This chapter examines Dugald Stewart’s (1751-1828) efforts to reform, defend, and sustain the legacy of Scottish common sense philosophy throughout his professional life. The first section discusses Stewart’s enrichment of Reid’s philosophy by developing a modern program of moral education that encouraged scientific innovation during an age of revolutionary change. This campaign to preserve Scottish Enlightenment intellectual and religious culture from modern philosophical skepticism encountered competition at the end of Stewart’s career. Section two turns to Stewart on the endurance of Scottish common sense philosophy in response to the early nineteenth-century Scottish reception of German Idealism and the rise of Scottish Romanticism at Edinburgh University. Considered by many to be the “Scotian Plato,” Scottish common sense philosophy flourished under the care of Dugald Stewart during two of the most transitional moments in the final decades of the Scottish Enlightenment before its displacement in late nineteenth-century Scotland.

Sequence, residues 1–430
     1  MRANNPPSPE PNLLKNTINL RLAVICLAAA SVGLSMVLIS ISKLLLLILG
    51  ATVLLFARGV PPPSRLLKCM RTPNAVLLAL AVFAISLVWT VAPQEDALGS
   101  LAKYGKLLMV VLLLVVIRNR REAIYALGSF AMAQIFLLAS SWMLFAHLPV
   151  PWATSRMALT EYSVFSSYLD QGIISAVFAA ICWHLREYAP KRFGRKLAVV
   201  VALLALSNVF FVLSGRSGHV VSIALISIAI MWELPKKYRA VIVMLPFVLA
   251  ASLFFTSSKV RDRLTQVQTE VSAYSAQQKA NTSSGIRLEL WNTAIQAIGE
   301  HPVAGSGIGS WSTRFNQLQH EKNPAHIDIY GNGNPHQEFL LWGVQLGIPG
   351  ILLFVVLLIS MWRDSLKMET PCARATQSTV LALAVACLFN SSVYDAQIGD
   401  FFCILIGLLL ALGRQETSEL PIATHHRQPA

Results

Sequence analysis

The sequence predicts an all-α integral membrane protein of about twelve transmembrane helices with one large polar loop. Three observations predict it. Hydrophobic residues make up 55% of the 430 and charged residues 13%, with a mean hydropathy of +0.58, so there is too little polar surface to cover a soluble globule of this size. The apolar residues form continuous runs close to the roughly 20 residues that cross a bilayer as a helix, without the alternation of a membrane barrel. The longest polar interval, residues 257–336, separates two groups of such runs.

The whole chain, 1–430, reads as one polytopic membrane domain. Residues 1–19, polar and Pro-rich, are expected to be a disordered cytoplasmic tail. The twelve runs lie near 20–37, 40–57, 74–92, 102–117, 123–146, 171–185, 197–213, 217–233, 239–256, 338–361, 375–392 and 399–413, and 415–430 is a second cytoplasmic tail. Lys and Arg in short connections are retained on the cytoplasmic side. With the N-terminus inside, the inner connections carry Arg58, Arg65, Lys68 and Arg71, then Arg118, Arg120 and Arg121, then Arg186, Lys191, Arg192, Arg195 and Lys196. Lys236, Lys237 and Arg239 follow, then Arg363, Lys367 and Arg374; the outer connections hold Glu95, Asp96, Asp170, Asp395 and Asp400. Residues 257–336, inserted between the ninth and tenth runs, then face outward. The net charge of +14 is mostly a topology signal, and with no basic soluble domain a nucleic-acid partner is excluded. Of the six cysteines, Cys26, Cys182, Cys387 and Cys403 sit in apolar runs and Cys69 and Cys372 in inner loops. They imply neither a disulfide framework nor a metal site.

|Title of host publication||Common Sense in the Scottish Enlightenment|
|Publisher||Oxford University Press|
|Number of pages||20|
|Publication status||Published - 2018 Jan 1|
All Science Journal Classification (ASJC) codes
- Arts and Humanities(all)